# Two numerical monoids are isomorphic iff they are equal

A numerical monoid (or numerical semigroup) is a submonoid $$S$$ of the additive monoid $$(\mathbb N, +)$$ of non-negative integers with the property that the set $$\mathbb N \setminus S$$ is finite.

It is folklore that two numerical monoids are (monoid-)isomorphic [if and] only if they are equal. I know at least a couple of proofs of this result, but what about a reference? For instance, the conclusion follows from the following facts:

• In the category of cancellative commutative monoids, every homomorphism extends to a (group) homomorphism of the corresponding quotient groups (see, e.g., Lemma 11.20 in J.C. Rosales and P.A. García-Sánchez, Numerical Semigroups, Dev. Math. 20, Springer, 2009).
• The quotient group of a numerical monoid is the additive group $$(\mathbb Z, +)$$ of the integers.
• The group endomorphisms of $$(\mathbb Z, +)$$ are the dilation maps.

A more direct proof is using that any two coprime elements in a numerical monoid $$S$$ generate every sufficiently large element of $$S$$ (by a corollary of Bézout's identity).

• I would have seen more directly as seeing $\mathbf{N}$ as a completion (e.g., it consists of $\{0\}$ those $n$ in the enveloping group such that $mn\in S$ for some $m\ge 1$). And $\mathbf{N}$ has a trivial automorphism group. (I don't know the name of the analogue of the integral closure of a commutative ring, which here gives the inclusion $S\subset\mathbf{N}$.)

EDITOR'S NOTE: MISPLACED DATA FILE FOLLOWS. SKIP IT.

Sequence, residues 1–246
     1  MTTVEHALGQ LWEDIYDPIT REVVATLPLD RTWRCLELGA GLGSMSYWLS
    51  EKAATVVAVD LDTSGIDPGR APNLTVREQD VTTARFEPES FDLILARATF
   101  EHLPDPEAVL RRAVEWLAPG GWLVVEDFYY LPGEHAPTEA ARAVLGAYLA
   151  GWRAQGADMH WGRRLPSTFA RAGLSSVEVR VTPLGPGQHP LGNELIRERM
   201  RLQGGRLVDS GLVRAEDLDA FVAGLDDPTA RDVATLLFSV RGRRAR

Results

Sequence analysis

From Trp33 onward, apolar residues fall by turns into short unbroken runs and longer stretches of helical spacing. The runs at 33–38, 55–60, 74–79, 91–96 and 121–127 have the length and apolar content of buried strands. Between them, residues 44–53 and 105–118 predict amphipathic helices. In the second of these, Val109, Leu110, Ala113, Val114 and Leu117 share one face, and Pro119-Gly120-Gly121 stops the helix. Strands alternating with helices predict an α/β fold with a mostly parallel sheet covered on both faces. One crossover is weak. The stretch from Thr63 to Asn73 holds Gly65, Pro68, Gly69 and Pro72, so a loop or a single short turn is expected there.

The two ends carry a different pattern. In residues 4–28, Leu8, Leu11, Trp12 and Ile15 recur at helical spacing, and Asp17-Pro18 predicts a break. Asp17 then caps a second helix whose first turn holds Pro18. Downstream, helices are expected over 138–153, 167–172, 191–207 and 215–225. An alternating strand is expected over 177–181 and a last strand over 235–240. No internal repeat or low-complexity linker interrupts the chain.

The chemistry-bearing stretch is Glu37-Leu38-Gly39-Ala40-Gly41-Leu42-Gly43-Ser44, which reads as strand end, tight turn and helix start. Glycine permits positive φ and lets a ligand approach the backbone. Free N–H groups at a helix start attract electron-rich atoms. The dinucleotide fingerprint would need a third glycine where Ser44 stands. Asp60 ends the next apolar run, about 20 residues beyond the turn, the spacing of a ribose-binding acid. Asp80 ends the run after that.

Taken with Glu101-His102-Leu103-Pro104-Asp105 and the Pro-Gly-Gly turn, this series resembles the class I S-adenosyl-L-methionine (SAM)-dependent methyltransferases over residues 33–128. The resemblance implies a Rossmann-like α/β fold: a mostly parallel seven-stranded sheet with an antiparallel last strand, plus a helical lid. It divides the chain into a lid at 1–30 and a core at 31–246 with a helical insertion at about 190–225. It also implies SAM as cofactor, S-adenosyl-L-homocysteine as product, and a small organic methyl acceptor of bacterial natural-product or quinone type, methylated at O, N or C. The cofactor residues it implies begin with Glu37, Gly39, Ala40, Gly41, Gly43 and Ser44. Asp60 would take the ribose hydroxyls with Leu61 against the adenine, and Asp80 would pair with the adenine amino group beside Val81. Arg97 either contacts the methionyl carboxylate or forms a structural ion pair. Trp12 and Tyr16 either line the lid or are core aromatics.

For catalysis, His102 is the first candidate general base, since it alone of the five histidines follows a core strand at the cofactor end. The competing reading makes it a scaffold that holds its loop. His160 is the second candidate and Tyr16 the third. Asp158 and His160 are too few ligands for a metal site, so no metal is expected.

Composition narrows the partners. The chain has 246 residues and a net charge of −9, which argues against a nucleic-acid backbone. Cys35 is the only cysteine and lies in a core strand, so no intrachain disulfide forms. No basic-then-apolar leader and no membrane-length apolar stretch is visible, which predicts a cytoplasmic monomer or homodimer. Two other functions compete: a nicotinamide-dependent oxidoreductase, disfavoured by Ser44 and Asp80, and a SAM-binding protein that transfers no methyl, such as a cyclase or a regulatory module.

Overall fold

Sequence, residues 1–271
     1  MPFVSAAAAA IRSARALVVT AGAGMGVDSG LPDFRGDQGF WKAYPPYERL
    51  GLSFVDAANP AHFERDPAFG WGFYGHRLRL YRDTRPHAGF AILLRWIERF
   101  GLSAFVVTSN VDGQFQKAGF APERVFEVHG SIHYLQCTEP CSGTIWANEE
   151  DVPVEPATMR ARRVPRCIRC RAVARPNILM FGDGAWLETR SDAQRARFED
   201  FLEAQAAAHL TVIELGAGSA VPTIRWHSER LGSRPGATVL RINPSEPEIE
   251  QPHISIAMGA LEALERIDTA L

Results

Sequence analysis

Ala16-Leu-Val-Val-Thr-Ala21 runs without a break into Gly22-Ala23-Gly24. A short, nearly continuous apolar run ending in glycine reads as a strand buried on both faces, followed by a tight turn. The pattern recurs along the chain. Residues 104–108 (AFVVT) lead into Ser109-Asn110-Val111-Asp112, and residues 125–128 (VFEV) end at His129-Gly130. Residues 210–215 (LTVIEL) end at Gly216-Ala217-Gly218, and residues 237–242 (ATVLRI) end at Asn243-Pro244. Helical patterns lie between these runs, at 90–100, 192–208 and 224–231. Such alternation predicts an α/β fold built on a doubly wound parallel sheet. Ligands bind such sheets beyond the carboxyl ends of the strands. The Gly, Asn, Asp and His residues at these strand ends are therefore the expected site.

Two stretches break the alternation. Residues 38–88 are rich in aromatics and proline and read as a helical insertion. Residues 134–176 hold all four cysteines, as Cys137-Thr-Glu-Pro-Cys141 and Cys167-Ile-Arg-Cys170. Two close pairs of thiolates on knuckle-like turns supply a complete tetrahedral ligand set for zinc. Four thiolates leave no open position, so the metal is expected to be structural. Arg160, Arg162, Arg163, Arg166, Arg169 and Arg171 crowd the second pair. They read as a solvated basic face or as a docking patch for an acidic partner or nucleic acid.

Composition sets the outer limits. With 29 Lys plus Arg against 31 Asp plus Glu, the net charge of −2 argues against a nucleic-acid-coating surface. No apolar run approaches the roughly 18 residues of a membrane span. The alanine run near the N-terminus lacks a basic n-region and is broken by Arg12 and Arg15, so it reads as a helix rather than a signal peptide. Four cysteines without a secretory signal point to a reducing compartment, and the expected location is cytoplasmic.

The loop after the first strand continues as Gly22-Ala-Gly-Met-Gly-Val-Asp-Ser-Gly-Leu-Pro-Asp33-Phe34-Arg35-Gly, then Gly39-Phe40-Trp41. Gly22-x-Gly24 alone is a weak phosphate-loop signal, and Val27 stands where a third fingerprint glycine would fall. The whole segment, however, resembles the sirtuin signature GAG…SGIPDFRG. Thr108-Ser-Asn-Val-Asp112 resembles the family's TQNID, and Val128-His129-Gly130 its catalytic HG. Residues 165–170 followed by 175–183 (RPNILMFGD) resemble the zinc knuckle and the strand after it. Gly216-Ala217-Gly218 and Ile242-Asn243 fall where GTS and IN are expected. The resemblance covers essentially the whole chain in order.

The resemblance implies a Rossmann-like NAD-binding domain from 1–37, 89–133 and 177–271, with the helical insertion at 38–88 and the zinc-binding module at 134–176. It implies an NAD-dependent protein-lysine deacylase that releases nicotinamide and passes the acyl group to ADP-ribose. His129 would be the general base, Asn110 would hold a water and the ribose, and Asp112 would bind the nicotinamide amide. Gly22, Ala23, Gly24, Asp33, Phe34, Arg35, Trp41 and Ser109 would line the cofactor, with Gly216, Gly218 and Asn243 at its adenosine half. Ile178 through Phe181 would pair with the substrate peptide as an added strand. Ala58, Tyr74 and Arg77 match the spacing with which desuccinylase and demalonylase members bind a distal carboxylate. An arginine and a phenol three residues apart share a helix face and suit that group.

– YCor
Jan 2 at 10:53
• @YCor, I think it is usually called the normalization. Jan 2 at 12:58
• Salvo, I think what you call "homomorphism" is usually called "endomorphism" (= homomorphism from something to itself).
– YCor
Jan 2 at 13:37
• @YCor As for your comment about the name of the analogue of the integral closure of a commutative ring: In some circles, the integral closure of a cancellative commutative monoid $H$ (written multiplicatively) is the set of all $x$ in the quotient group such that $x^n \in H$ for some non-negative integer $n$. (In particular, $(\mathbb N, +)$ is the integral closure of any numerical monoid.) As for your 2nd comment: Mea culpa, I've just edited and changed "homo" to "endo". Jan 2 at 15:11
• This is essentially in dml.cz/bitstream/handle/10338.dmlcz/101056/… but not explicit. It follows from Corollary 4 and see the discussion after Prop 6. Jan 2 at 20:07

The earliest reference for this seems to be Theorem 3 of Higgins, John C. Representing N-semigroups. Bull. Austral. Math. Soc. 1 (1969), 115–125. In this theorem, he proves an essentially equivalent result. He proves if $$K$$ and $$L$$ are submonoids of N and there is as surjective homomorphism from $$K$$ to $$L$$, then $$K$$ and $$L$$ are both integral multiples of a numerical semigroup $$K'$$. Hence if $$K$$ and $$L$$ are numerical, they are both equal to $$K'$$.